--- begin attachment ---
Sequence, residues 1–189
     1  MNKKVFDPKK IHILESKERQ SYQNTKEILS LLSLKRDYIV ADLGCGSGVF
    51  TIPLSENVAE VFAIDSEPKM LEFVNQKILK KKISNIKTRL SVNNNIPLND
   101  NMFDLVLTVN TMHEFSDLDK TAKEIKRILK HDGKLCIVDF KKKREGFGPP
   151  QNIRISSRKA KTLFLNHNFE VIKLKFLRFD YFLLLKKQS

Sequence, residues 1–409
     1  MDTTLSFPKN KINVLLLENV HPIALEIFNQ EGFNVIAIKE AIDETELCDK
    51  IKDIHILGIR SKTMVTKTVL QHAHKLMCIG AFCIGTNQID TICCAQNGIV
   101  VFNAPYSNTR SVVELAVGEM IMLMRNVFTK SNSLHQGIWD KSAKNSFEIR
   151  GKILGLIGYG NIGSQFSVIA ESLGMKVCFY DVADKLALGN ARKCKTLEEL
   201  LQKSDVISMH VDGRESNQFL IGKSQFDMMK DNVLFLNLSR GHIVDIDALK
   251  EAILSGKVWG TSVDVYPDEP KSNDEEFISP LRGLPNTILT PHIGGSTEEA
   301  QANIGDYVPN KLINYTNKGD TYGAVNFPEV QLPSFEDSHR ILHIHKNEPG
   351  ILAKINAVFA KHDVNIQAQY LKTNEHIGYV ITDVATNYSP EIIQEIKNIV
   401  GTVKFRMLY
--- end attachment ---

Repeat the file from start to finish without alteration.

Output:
Sequence, residues 1–189
     1  MNKKVFDPKK IHILESKERQ SYQNTKEILS LLSLKRDYIV ADLGCGSGVF
    51  TIPLSENVAE VFAIDSEPKM LEFVNQKILK KKISNIKTRL SVNNNIPLND
   101  NMFDLVLTVN TMHEFSDLDK TAKEIKRILK HDGKLCIVDF KKKREGFGPP
   151  QNIRISSRKA KTLFLNHNFE VIKLKFLRFD YFLLLKKQS

Sequence, residues 1–409
     1  MDTTLSFPKN KINVLLLENV HPIALEIFNQ EGFNVIAIKE AIDETELCDK
    51  IKDIHILGIR SKTMVTKTVL QHAHKLMCIG AFCIGTNQID TICCAQNGIV
   101  VFNAPYSNTR SVVELAVGEM IMLMRNVFTK SNSLHQGIWD KSAKNSFEIR
   151  GKILGLIGYG NIGSQFSVIA ESLGMKVCFY DVADKLALGN ARKCKTLEEL
   201  LQKSDVISMH VDGRESNQFL IGKSQFDMMK DNVLFLNLSR GHIVDIDALK
   251  EAILSGKVWG TSVDVYPDEP KSNDEEFISP LRGLPNTILT PHIGGSTEEA
   301  QANIGDYVPN KLINYTNKGD TYGAVNFPEV QLPSFEDSHR ILHIHKNEPG
   351  ILAKINAVFA KHDVNIQAQY LKTNEHIGYV ITDVATNYSP EIIQEIKNIV
   401  GTVKFRMLY